Among the first wave of rock 'n' rollers and arguably the very greatest, Buddy Holly was also one of the most influential on the successive generation of pop and rock artists. His career was short-lived, cut short by his death in a plane crash in 1959, but during that brief period he laid down some of the basic tenets of popular music in the late twentieth century. Presenting an unlikely image of a pop star, with his over sized horn-rimmed glasses and teeth that needed fixing, but he made up for this with a winning vocal style and an innovative songwriting style. Influenced by country music and R&B, Holly started off in bluegrass groups and his initial forays were as a country artist. In the mid-50s, inspired by the rise of Elvis Presley, he began to play rock 'n' roll music with his backing band The Crickets. During a prolific spell in 1957, Holly and the group recorded some of the best-loved songs of the rock 'n' roll era. With overdubbed vocals and innovative musical arrangements, Holly was pushing the boundaries of the form while still writing songs that were sure-fire audience winners. Holly also recorded solo material using a string section, another innovation that made his untimely death all the more cruel. It is one of music's great unanswered questions; what would Buddy Holly have achieved if he had lived beyond 22?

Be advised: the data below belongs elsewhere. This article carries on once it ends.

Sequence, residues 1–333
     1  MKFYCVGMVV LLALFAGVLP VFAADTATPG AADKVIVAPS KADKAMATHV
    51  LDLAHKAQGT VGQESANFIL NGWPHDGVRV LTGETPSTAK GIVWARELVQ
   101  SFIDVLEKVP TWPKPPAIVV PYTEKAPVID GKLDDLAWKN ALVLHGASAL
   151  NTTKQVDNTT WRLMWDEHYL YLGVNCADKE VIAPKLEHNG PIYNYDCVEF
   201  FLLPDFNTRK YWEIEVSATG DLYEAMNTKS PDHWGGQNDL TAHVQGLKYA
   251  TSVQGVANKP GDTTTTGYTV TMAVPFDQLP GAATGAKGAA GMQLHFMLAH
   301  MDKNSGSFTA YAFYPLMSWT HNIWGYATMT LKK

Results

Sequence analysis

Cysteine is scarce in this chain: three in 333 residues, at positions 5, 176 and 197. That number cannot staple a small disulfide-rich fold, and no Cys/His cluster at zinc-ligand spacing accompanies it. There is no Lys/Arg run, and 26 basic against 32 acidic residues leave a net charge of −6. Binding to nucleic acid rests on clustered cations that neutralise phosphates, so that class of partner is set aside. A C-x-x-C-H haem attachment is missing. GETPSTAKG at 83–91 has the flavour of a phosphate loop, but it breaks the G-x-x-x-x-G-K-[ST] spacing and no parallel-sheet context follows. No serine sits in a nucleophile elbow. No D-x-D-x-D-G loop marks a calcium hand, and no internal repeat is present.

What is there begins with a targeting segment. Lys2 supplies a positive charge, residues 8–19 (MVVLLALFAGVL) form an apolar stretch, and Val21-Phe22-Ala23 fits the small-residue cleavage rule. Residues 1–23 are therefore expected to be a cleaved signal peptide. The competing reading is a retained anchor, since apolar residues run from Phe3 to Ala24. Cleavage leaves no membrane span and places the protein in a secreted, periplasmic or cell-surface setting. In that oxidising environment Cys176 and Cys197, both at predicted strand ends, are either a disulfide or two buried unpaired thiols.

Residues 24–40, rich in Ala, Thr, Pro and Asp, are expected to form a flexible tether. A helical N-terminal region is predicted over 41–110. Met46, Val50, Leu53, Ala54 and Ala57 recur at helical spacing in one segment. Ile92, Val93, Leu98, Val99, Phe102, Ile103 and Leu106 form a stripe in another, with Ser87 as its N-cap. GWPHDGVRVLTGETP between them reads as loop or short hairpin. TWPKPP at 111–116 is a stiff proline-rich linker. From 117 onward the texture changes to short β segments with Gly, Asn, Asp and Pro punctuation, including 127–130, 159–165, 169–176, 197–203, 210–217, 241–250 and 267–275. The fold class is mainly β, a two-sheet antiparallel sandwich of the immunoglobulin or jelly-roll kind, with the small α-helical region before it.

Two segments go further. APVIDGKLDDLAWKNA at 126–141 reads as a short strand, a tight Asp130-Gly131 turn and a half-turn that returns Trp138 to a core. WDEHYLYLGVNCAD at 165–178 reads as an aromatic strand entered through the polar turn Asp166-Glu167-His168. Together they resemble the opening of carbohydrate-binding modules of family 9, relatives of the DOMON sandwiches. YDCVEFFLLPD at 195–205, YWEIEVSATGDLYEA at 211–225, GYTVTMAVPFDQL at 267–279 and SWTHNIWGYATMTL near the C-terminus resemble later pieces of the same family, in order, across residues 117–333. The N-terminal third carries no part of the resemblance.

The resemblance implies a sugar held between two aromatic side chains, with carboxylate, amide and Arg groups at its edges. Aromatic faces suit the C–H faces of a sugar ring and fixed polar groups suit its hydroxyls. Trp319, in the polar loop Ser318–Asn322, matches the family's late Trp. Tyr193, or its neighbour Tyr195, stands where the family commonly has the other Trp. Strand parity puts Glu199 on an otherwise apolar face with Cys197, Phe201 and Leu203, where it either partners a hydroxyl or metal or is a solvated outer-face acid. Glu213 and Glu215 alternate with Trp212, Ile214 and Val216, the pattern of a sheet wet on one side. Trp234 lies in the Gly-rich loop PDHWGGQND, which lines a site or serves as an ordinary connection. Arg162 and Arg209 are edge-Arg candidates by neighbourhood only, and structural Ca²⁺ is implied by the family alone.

Followers: The Beatles, Bob Dylan, Joe Meek, The Hollies, Bruce Springsteen, The Rolling Stones
Influenced By: Elvis Presley, Bo Diddley, Jerry Lee Lewis, Hank Williams
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